Posted by: Kevin | May 31, 2007

This is Free Market Economics?

So the Bush Administration is all about the Free Market.  Issues like outsourcing, illegal immigration and prescription drug care among others are always seen through the lens of the Free Market Economy. 

John W. Snow, the Treasury secretary, said in an interview with The Cincinnati Enquirer that the practice of moving American jobs to low-cost countries “is part of trade” and that “there can’t be any doubt about the fact that trade makes the economy stronger.”
March 30th 2004 New York Times (emphasis mine)

In an interview, Michael O. Leavitt, the secretary of health and human services, said he saw no prospect of compromise on the issue.
“In politics,” Mr. Leavitt said, “most specific issues like this are a disguise for a larger difference. Government negotiation of drug prices does not work unless you have a program completely run by the government. Democrats say they want the government to negotiate prices. What they really want is government-run health care.”
Secretary Leavitt said he did not want the power to negotiate drug prices. “I don’t believe I can do a better job than an efficient market,” he said.
Nov 13th 2006 New York Times

I could go on, but I think I’ve made my point.  Bush loves the free market and that’s not necessarily a bad thing in all cases.  So how then, do we explain this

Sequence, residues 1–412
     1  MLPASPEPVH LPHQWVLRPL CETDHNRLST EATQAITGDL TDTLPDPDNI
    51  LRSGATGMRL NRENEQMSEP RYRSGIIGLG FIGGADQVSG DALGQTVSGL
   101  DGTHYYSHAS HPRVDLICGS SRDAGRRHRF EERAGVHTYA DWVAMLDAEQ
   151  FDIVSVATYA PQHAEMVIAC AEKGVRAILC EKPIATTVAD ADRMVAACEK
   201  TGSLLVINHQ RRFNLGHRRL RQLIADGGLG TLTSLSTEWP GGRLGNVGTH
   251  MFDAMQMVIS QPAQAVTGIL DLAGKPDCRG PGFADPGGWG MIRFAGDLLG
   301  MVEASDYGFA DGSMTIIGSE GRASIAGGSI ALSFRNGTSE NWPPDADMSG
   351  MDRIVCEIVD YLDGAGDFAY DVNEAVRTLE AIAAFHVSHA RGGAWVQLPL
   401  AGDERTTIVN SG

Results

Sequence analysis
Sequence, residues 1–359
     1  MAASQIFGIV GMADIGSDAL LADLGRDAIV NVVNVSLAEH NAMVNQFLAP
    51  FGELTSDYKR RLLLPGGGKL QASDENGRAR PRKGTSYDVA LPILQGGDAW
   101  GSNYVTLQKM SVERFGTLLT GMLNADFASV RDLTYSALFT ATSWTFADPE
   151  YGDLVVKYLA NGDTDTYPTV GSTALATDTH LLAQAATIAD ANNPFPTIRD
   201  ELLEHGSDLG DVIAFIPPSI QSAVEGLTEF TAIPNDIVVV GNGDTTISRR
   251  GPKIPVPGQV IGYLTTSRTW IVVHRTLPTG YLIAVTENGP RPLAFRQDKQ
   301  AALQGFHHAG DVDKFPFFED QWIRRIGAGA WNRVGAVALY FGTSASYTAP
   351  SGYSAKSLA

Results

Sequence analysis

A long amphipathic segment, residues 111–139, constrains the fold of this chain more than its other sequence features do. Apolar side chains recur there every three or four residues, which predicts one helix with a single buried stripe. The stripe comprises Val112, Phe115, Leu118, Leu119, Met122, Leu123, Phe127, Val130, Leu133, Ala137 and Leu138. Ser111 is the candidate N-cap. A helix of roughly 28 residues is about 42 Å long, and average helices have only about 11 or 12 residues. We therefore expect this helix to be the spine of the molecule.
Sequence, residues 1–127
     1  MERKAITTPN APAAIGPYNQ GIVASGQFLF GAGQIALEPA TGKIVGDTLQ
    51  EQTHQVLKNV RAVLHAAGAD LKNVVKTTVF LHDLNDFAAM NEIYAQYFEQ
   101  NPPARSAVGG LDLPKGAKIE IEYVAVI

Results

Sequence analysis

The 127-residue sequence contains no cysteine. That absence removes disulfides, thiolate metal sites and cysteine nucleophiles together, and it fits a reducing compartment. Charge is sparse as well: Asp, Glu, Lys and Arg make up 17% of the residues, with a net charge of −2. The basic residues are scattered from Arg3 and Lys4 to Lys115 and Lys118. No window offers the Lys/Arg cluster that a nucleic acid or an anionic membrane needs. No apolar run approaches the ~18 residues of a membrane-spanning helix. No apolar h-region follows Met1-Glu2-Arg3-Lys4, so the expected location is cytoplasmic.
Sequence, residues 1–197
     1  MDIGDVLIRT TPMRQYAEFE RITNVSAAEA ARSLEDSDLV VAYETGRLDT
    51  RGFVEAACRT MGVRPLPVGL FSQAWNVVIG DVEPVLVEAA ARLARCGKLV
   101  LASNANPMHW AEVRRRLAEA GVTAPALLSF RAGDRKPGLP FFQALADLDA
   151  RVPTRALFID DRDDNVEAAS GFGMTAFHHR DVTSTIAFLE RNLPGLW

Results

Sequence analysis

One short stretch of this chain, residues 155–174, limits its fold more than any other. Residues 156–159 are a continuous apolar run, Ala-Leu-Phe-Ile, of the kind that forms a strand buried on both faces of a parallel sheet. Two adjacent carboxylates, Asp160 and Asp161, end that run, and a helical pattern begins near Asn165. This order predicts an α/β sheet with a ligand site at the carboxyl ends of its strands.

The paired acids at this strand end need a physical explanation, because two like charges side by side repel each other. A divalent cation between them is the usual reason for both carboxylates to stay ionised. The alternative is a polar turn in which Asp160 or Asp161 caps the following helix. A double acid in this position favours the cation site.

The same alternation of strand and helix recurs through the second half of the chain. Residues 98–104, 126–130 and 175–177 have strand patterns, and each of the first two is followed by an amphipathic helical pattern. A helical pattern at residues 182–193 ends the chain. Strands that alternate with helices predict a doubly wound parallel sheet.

The Bush administration said Tuesday it will fight to keep meatpackers from testing all their animals for mad cow disease.
The Agriculture Department tests fewer than 1 percent of slaughtered cows for the disease, which can be fatal to humans who eat tainted beef. A beef producer in the western state of Kansas, Creekstone Farms Premium Beef, wants to test all of its cows.

This is a classic example of the free market accomplishing something good.  Sales of beef products have been hurt by concerns about mad cow disease.  So one producer decides he can get a competitive advantage by testing all of his cows.  Then he can confidently tell consumers that his product is 100% safe.  Market competition would eventually force more producers to start testing and we all get to eat steak again.  So why stop it?

The Agriculture Department regulates the test and argued that widespread testing could lead to a false positive that would harm the meat industry.

This doesn’t pass the smell test though.  This producer is using the government test which is already used on roughly 1% of cattle in the US.  Meaning the risk of a false positive is already there.  Also, a false positive would hurt this producer’s business much more than it would hurt the industry as a whole, as the taint of mad cow disease is already present on US beef producers.  I hate to resort to a cheap pun but this looks and smells like bull shit.

Hat Tip to Donklephant


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